How to Build Your Willpower Muscle
Continuing with the recent theme on our blog of creating a training habit, this post is about using your psychology to your advantage.
Willpower is like a muscle.
In the gym, your muscles become fatigued with each repetition of an exercise; so the more reps you do, the more fatigued your muscles become.
Your willpower works in a similar way.
The more decisions you make throughout the course of a day the more fatigued your willpower becomes.
These decisions can be mundane (like the clothes you choose to wear), to the extreme (like deciding to quit your job).
When your willpower is depleted, it becomes much harder to consciously make healthy choices.
In 1998, Baumeister and colleagues ran some of the first experiments demonstrating the impact of ego depletion. In their experiment, they showed that subjects who initially resisted the temptation of a chocolate dessert eventually caved after trying to complete a difficult and frustrating puzzle.
We all know the feeling when we come home after a long day of work or school and don't have the motivation to workout or eat a healthy dinner. You're more likely to just watch tv instead of hitting the gym or order take out instead of making a healthy meal.
So, how can you avoid this trap?
1) Have guiding values or principles. Affirming these values can protect you by reminding you why those values are important. These affirmations reinforce your ability to delay short-term gratification to focus on your long-term goals. So, at a moment when you are tempted to make an unhealthy choice, force yourself to reflect on these personal values first.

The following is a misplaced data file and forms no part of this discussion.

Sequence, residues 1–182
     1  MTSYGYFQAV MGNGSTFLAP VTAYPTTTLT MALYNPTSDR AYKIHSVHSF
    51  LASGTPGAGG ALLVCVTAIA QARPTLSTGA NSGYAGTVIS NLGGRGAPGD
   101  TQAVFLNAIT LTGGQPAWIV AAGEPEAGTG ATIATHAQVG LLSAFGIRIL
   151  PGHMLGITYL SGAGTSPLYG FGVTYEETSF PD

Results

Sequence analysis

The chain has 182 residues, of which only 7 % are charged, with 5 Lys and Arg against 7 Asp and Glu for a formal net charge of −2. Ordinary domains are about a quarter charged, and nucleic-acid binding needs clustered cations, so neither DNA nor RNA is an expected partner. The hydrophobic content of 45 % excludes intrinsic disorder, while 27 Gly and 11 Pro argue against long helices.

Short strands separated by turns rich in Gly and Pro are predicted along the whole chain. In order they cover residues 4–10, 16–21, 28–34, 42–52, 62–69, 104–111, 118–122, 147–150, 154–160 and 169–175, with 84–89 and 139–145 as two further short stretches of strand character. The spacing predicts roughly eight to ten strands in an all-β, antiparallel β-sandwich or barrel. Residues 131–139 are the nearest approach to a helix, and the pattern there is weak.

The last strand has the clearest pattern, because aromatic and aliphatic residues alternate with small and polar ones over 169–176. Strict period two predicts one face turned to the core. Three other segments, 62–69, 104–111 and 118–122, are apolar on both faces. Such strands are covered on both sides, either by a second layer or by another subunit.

Health = Happiness
2) Plan the night before. Doing some prep the night before means one less decision you have to make the next day and helps you retain willpower for when you really need it.
3) Do your most important thing of the day first. If you can't seem to consistently make it to the gym and getting fit and healthy is important to you, which it should be, make the gym part of your morning routine.
4) Use the KISS Method. I talked about this last week, but it’s so important I’ll reiterate it here. One way to increase your output is to reduce your inputs (or decisions). If you can routinize daily tasks you’ll have more decision-making energy for when you need it. It has been reported that Albert Einstein bought several versions of the same grey suit because he didn’t want to waste brainpower on choosing an outfit each morning. Now, I’m not saying you have to wear the same thing everyday, but try creating a habit that lets you take advantage of your psychology.
I’d love to hear your strategies or routines for overcoming unhealthy behaviors. You can let me know by emailing me at firstname.lastname@example.org.